Another World - the diverse Bigenerics

by Geoff Lawn

Bromeliad bigenerics are virtually unknown in the wild because fertility barriers, different blooming times and geographical range prevent most species in different genera from cross-breeding by specialised pollinators. Even in large cultivated mixed collections where breeders can try many combinations, there are no readily-available records on the success/failure ratio of attempts, probably because hybridists work mainly in isolation and we tend to hear only of the progeny which survived and were not culled. Certainly pollen storage assists with otherwise non-simultaneous flowering parents but the biggest obstacle to success appears to be still genetically-incompatible "partners" - the potential parents' genes simply don't mix, at least not with current plant-breeding technology.

To date(December 2002), the Bromeliad Cultivar Registry lists 279 different bigenerics within 38 genera. To be expected, every bigeneric has been produced from 2 genera within 1 sub-family, never Bromelioideae crossed with Tillandsioideae or Pitcairnioideae (or combination thereof) - their biological differences are just too great and cause rejection. It is often quoted that all bigenerics turn out sterile ("mules"), which may be true in most cases as there are no intergenerics (the next generation) involving 3 or more different genera as yet registered. Noted however are Canistrum x Aechmea x Canistrum (e.g. x Canmea 'Tropic Beauty') and Cryptanthus x Billbergia x Cryptanthus (e.g. x Cryptbergia 'Goodale'), for instance.

So far, the majority of bigenerics have been primary crosses (i.e. species x species) and those parents which are least alike tend to produce the most distinctive offspring. Dominant and recessive characteristics play a role in individual crossings, with some progeny intermediate between both parents, while other hybrids appear more like their seed parent OR pollen parent, at least at species level. The genetics are more complex with hybrid x hybrid or hybrid x species pairings, producing a mixed range of siblings even from the same seed batch. Bigeneric genera names have "X" inserted before each genus to distinguish them from standard, botanically-described genera names.

The following wide selection may have individual appeal - beautiful, bizarre, curious etc., but when studied closely they are altogether in different combinations to the standard, familiar botanical 57 genera:

Although several bigenerics date back to the 1880s, relatively few bigenerics were bred before about 1960. In fact, certain combinations were thought impossible to create, but bromeliad hybridising overall has escalated in the 42 years since and bigenerics have proliferated accordingly, despite the gene-mixing difficulties by artificial cross-pollination.

On the competitive showbench bigenerics still are placed mostly in classes worded "Any Other Genus". As their numbers and popularity increase, their own class or even a single bigeneric genus class may be warranted. After all, currently the largest bigeneric genera with sizeable cultivar numbers are: XNeomea (59), XNeotanthus (49) and XNiduregelia (33).

Other genera worth looking at, their present cultivar totals and examples are:
XAnamea (Ananas x Aechmea) = 5, e.g. x A. 'Pink Scorpion'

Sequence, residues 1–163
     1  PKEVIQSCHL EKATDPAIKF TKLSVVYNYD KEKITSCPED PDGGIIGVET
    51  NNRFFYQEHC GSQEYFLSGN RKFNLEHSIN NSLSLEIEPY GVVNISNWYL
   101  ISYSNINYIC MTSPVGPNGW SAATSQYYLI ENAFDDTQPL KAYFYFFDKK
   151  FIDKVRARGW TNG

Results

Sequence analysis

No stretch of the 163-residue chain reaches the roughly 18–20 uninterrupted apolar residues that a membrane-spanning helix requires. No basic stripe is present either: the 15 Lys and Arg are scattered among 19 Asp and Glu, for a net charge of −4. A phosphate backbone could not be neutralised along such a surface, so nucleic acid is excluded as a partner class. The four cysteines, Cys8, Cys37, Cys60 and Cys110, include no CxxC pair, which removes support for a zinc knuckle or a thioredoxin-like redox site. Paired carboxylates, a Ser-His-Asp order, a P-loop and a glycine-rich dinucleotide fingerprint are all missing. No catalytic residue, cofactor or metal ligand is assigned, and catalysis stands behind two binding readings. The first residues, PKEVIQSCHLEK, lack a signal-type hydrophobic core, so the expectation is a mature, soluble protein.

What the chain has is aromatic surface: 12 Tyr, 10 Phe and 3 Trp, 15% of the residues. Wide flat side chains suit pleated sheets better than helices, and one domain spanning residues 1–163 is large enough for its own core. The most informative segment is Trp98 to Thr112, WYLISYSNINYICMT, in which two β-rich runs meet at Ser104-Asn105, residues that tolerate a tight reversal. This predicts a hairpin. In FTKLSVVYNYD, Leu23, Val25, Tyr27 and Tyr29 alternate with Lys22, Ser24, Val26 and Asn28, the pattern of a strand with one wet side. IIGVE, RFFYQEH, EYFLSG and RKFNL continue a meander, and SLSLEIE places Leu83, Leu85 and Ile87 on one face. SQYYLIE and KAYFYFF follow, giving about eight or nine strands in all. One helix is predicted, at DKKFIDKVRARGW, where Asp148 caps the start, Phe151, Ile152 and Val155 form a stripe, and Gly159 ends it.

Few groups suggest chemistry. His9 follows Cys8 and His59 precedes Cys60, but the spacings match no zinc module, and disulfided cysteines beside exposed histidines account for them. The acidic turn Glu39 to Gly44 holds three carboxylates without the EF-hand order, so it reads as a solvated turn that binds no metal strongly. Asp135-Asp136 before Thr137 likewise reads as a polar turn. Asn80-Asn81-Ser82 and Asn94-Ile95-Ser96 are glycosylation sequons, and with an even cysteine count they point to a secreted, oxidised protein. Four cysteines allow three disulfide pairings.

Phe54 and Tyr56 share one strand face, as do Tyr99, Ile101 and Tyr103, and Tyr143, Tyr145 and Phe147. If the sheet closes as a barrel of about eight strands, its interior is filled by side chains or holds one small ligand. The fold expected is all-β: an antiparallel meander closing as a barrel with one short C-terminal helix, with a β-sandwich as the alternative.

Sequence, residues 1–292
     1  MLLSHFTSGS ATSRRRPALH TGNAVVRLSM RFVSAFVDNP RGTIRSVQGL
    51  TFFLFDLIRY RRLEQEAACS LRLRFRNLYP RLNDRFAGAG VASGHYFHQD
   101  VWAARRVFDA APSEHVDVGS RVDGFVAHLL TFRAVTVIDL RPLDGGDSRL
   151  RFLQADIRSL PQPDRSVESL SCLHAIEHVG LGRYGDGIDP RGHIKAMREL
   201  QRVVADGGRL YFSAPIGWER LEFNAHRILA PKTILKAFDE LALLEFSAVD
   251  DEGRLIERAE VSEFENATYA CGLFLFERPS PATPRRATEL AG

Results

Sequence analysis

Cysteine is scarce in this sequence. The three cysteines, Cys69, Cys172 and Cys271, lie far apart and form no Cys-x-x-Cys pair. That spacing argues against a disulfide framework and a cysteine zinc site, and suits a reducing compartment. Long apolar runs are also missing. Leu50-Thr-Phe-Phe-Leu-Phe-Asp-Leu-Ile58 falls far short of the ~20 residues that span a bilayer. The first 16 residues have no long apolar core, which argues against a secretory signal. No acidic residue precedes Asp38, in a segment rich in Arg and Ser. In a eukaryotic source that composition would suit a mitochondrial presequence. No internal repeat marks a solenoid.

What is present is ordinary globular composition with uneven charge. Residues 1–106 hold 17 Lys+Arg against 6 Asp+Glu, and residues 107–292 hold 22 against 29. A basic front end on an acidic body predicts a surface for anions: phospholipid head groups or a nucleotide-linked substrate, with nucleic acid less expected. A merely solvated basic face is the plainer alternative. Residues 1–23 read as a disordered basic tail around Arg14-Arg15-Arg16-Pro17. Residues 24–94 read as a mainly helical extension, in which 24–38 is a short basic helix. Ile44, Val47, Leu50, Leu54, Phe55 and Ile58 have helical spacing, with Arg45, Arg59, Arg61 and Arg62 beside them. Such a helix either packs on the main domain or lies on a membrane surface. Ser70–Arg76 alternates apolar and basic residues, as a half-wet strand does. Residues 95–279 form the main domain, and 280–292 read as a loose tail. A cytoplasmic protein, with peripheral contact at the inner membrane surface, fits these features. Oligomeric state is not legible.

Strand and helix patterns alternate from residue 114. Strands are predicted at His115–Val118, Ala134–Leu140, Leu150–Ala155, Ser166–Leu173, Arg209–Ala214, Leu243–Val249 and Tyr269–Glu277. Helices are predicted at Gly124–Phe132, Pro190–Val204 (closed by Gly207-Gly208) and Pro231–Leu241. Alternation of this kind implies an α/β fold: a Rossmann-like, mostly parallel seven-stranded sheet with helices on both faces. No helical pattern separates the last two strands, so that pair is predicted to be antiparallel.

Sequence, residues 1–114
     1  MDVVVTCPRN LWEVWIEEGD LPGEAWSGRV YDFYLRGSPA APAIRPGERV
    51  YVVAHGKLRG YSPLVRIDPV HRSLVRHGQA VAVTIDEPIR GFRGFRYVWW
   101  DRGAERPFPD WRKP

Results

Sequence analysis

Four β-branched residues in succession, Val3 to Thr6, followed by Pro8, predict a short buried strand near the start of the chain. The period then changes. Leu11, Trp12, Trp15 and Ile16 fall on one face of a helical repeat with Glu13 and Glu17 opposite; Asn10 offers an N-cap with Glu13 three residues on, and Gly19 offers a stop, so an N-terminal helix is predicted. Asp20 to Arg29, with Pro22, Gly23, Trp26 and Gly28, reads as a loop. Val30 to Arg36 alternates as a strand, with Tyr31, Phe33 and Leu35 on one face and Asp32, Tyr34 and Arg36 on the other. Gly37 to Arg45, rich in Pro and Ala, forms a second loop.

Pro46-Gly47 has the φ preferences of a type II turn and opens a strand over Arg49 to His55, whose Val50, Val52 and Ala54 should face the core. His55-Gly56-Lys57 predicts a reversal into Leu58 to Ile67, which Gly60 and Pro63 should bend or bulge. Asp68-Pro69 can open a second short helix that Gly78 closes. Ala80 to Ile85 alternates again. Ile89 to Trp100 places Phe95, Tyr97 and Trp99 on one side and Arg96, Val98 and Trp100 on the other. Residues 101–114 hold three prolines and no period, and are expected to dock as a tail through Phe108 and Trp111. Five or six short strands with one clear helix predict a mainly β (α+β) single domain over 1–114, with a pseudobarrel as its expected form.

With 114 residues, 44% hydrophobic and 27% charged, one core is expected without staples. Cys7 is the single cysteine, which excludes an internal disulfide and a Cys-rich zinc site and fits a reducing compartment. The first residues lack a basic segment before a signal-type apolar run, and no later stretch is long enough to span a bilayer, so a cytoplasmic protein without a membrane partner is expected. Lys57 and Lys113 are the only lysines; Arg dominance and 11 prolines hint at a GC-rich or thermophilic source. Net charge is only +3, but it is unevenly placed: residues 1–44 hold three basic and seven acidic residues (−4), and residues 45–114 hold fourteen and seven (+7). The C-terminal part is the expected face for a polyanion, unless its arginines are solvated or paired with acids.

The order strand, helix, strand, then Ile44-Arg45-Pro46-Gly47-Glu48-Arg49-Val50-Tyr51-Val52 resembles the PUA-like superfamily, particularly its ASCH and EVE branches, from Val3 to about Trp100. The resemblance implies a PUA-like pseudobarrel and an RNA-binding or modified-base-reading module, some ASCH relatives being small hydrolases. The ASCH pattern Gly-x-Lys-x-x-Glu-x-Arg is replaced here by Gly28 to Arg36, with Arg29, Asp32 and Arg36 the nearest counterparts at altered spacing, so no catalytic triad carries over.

XAndrolaechmea (Androlepis x Aechmea) = 2, e.g. x A. 'Sampson'
XBillmea (Billbergia x Aechmea) = 6, e.g. x B. 'Red October'
XBillnelia (Billbergia x Quesnelia) = 4, e.g. x B. 'Sebastian Laruelle'
XCanegelia (Canistrum x Neoregelia) = 2, e.g. x C. 'Roman Fountain'
XCryptananas (Cryptanthus x Ananas) = 1, i.e. x C. 'Pink Utopia'
XCryptmea (Cryptanthus x Aechmea) = 1, i.e. x C. 'Dazzler'
XDeuterocairnia (Deuterocohnia x Pitcairnia) = 1. i.e. x D. 'Lenny'
XNeobergiopsis (Neoregelia x Hohenbergiopsis) = 1, i.e. x N. 'Pinegrove'
XNeorockia (Neoregelia x Wittrockia) = 1, i.e. x N. 'Midhurst'
XNeostropsis (Neoregelia x Canistropsis) = 1, i.e. x N. 'Fanfare'
XNidbergia (Nidularium x Billbergia) = 1, i.e. x N. 'Chas Hodgson'
XNidumea (Nidularium x Aechmea) = 9, e.g. x N. 'Midnight'
XOrtholarium (Orthophytum x Nidularium) = 2, e.g. x O. 'Hades'
XOrthomea (Orthophytum x Aechmea) = 2, e.g. x O. 'Powderpuff'
XOrthotanthus (Orthophytum x Cryptanthus) = 1, i.e. x O. 'Little Bits'
XPortemea (Portea x Aechmea) = 5, e.g. x P. 'Hilda Ariza'
X Pseudanamea (Pseudoananas x Aechmea) = 1, i.e. x P. 'Prima Ballerina'
X Puckia (Puya x Dyckia) = 1, i.e. x P. 'Sparkle'
XQuesistrum (Quesnelia x Canistrum) = 1, i.e. x Q. 'Claudia'
XQuesregelia (Quesnelia x Neoregelia) = 1, i.e. x Q. 'Pioneer'
XVrierauhia (Vriesea x Werauhia) = 2, e.g. x V. 'David Fuertes'

We have both gained and lost bigeneric genera through botanical reclassification of their parent genera or individual species within. For example, XPitinia (Pitcairnia x Pepinia) no longer exists because most botanists agreed that all Pepinia species be transferred back to Pitcairnia. XNidumea 'Beacon' became XAechopsis 'Beacon' when one of its parents, Nidularium burchellii, became Canistropsis burchellii. Some coined bigeneric genera names (alternate first and last syllable of both genera names combined) have had to be standardised because, for example, the combination Nidularium x Neoregelia (now XNiduregelia ) used to be called XNeolarium also.

Whatever their names, man-made bigenerics do present an unearthly appearance compared to the "normal, natural" world, albeit fertile wild species multiplying true to type but with limited hybridising on occasions within certain boundaries. The field of potential combinations of bigenerics is still wide open but will the hybridists proceed on the basis of "Quality above Quantity"---that is the question.